Documenta, Athens, Kassel

Even today, in a supersaturated calendar of worldwide art events, no show matters more than Documenta, a colossal German exhibition of contemporary art, reinvented every five or so years as a “museum of 100 days.”

Of 13 editions so far, two have become touchstones in recent art history: the freewheeling fifth edition, curated by the Swiss Harald Szeemann in 1972, which equalized painting and sculpture with conceptual art and happenings; and the erudite 11th edition, organized by the Nigerian Okwui Enwezor in 2002, which propounded a global art ecosystem with Europe no longer at the center. But every Documenta, since the first in 1955, has served as a manifesto about art’s current relevance and direction, and everyone has taken place in Kassel, an unlovely town north of Frankfurt destroyed by Allied bombs in World War II.

Until this year. The 14th edition of Documenta, led by the 46-year-old Polish curator Adam Szymczyk, is being shared by Kassel and Athens, a city with intertwined crises of finance and migration, and the capital of a country whose recent relations with Germany have been anything but collaborative.


A full reckoning will have to wait until June, when the show’s second half opens in Kassel. This much I can say now: If the exhibition falls short (far short, in places) of the great editions of 1972 and 2002, Mr. Szymczyk’s decision to uproot Documenta was the right one. This Hellenized Documenta is sometimes forceful, often obscure, and in places exhaustingly proud of it. And yet the show’s most important themes -migration, debt, fraying European unity and the historical antecedents of today’s populism and intolerance- are ones Athenians have reckoned with for years. Now that those troubles span the world, Greece may be the best place to come to grips with them.

There’s art by nearly 160 participants, almost all of whom will also show work in Kassel. For every familiar name, such as the American painters Vija Celmins, R. H. Quaytman and Stanley Whitney, there are 10 you’ve never heard of, often for good reason. It sprawls across 40 sites, as far afield as the port of Piraeus, though it’s most important is probably the new National Museum of Contemporary Art, or EMST, in an elegantly converted former brewery vacant for years. The accompanying bureaucratic and financial headaches are not incidental for Mr. Szymczyk, who opted to work with public institutions rather than Athens’s cash-flush private museums.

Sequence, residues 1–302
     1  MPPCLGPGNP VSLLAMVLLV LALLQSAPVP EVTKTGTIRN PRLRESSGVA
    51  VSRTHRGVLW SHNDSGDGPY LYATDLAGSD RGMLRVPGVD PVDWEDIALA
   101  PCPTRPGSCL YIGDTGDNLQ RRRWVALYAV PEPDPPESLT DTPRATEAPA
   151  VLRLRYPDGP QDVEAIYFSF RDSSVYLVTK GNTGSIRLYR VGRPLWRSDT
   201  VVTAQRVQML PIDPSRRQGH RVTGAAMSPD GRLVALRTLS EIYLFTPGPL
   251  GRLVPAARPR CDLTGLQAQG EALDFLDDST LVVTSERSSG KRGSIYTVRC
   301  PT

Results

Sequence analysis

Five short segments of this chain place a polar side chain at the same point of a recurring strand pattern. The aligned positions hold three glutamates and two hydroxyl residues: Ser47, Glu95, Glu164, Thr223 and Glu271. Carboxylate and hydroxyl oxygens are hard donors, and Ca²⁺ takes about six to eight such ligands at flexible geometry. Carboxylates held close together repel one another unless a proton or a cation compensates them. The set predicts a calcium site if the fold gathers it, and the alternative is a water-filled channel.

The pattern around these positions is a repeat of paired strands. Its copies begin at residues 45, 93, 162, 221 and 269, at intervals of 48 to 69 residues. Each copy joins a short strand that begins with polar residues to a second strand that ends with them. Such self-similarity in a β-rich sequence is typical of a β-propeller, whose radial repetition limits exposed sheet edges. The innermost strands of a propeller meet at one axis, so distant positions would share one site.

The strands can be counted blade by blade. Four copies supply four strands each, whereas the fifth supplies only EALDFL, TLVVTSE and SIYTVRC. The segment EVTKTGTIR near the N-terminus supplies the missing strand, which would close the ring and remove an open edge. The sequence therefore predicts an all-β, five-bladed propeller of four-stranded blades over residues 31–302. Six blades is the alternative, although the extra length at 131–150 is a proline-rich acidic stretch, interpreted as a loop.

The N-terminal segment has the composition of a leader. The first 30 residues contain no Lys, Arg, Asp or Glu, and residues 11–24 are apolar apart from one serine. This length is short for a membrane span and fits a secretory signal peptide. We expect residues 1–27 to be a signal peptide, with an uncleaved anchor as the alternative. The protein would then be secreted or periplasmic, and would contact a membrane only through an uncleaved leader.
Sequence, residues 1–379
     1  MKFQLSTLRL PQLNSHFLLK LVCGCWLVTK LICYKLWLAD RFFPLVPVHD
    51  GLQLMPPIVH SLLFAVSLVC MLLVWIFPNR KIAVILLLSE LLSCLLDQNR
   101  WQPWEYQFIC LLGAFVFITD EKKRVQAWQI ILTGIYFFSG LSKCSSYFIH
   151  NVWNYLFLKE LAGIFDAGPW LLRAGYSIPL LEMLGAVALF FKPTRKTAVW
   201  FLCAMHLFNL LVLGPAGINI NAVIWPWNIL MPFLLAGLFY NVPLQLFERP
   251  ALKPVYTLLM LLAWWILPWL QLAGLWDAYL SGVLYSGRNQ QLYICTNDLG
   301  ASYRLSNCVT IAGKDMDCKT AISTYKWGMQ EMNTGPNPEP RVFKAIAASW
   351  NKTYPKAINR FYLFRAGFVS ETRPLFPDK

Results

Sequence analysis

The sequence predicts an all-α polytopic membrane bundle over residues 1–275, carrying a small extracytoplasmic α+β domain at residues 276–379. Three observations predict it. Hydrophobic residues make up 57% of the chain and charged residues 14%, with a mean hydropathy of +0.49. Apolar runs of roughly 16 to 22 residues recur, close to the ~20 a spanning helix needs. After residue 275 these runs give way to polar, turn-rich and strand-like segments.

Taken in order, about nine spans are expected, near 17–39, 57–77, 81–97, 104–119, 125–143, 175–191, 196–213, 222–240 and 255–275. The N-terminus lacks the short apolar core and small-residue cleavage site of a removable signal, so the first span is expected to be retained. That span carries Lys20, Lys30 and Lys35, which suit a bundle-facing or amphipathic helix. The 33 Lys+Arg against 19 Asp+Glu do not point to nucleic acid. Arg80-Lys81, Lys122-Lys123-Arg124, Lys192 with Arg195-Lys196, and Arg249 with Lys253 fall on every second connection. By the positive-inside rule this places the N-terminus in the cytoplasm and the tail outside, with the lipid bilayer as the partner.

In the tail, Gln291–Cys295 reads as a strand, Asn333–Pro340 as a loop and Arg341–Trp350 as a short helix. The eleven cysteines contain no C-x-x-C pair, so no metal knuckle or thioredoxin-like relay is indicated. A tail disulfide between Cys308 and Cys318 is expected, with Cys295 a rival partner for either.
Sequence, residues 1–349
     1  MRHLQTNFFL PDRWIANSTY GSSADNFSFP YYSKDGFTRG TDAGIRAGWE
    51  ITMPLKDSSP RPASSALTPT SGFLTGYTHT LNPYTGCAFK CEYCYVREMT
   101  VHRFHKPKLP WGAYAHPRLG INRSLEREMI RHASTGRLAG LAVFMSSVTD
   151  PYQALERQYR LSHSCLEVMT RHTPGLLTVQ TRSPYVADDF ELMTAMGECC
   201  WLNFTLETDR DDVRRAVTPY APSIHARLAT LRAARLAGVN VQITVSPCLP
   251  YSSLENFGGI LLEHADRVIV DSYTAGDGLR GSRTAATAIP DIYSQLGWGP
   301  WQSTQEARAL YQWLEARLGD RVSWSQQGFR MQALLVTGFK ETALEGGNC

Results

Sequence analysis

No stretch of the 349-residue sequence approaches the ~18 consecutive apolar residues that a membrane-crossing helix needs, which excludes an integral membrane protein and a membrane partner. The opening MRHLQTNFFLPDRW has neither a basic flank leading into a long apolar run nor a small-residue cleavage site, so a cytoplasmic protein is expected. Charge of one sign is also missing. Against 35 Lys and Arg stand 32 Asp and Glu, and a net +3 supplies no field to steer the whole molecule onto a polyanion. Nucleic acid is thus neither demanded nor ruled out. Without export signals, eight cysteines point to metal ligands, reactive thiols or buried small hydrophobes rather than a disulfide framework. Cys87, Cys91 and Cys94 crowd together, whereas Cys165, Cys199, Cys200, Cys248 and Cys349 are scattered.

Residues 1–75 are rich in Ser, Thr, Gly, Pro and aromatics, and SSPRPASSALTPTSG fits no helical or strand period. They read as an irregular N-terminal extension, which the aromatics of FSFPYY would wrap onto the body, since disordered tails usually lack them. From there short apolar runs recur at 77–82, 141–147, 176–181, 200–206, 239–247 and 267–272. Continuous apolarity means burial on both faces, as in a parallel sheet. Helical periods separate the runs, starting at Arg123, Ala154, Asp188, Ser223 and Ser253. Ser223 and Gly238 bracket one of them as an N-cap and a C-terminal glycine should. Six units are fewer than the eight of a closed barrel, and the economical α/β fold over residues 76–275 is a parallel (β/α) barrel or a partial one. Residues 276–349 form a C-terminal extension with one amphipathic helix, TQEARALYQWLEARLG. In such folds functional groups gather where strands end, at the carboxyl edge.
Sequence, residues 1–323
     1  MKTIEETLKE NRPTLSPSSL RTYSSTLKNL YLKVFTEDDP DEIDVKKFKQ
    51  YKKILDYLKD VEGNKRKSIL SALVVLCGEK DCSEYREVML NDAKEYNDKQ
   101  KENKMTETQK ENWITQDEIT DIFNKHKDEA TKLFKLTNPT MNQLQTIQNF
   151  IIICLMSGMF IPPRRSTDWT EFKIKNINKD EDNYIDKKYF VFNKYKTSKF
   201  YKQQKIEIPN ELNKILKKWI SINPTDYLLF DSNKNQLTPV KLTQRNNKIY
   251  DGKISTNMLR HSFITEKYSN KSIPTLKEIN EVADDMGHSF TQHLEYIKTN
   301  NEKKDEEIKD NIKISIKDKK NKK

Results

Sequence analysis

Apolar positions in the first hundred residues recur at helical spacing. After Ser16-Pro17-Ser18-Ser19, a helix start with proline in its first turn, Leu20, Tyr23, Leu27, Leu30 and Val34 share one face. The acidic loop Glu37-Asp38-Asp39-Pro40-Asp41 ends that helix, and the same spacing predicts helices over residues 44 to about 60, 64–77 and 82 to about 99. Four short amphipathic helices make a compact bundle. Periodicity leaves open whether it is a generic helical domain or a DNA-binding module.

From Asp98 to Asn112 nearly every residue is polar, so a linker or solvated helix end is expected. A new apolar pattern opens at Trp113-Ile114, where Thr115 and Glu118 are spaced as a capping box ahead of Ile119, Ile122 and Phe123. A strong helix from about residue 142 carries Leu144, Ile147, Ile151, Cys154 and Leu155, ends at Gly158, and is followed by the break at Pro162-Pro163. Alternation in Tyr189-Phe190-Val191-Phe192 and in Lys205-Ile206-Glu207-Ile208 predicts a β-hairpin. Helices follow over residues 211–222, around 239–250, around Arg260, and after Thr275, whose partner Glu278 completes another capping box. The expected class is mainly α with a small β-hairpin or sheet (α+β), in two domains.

Greece’s troubled relationship with Germany finds kitschy form in the EMST lobby. A large box there is filled with thousands of olives; the Argentine artist Marta Minujín, rather daftly, proposes Greeks could win debt cancellation with stone fruit. David Lamelas, another veteran Argentine, has rigged up a live feed at the entrance to the Conservatoire, showing debates in the Bundestag and the Hellenic Parliament -and a video of the Parthenon, looming as ever over this city.

That third feed from the Acropolis is a reminder that the ties between this country and Germany are far older than the euro zone. A Bavarian was Greece’s first king, after the country won independence from the Ottomans two centuries ago. Art history itself, in fact, is a Greek-German invention; it was 18th-century Prussian aesthetes, most prominently Johann Joachim Winckelmann, who first systematized the art of the past, and placed Greece at the summit.

The use and abuse of Classical antiquity, born in Greece and routed through Germany, therefore hums through Documenta 14. A much more thoughtful analyst of Classicism is Daniel García Andújar, of Spain, who has filled an EMST gallery with 3-D-printed statues of the “Farnese Hercules”, the “Boxer at Rest” and more deformed riffs on Greek art, plus banks of images that place Greek art within a dizzying network of nationalist imagery and racial classification.

And everywhere, everywhere, bodies are in motion. The ongoing refugee crisis -a hopeless euphemism to describe the greatest moral failure of our time, which has left 65,3 million people displaced and pushed Greek social services to the breaking point- is inescapable in Documenta 14. Some artists here have responded poetically, including Peter Friedl. Other times it leads to self-righteousness or glibness, as with the wonky musical instruments made by Guillermo Galindo, a Mexican composer, incorporating tubes salvaged from a refugee camp near Kassel.

While much of the rhetoric of Documenta 14 invokes a common humanity, “Glimpse” proposes that even the do-gooders have motives of their own. That is a sentiment many Athenians, skeptical of the intentions of this German-born megashow, will find easy to understand. All the same, one of the central aims of modern art has been to break through society’s assumptions, to imagine living as equals even if we never get there. It takes courage to get your hands dirty, even if you wash them clean later in your Airbnb.

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